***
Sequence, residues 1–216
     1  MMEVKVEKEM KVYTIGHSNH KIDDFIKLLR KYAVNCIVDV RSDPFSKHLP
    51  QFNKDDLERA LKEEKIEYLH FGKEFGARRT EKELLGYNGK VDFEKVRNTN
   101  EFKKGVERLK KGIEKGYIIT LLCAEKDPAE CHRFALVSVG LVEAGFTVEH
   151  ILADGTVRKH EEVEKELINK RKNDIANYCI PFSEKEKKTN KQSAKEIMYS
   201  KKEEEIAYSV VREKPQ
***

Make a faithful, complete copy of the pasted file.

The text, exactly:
Sequence, residues 1–216
     1  MMEVKVEKEM KVYTIGHSNH KIDDFIKLLR KYAVNCIVDV RSDPFSKHLP
    51  QFNKDDLERA LKEEKIEYLH FGKEFGARRT EKELLGYNGK VDFEKVRNTN
   101  EFKKGVERLK KGIEKGYIIT LLCAEKDPAE CHRFALVSVG LVEAGFTVEH
   151  ILADGTVRKH EEVEKELINK RKNDIANYCI PFSEKEKKTN KQSAKEIMYS
   201  KKEEEIAYSV VREKPQ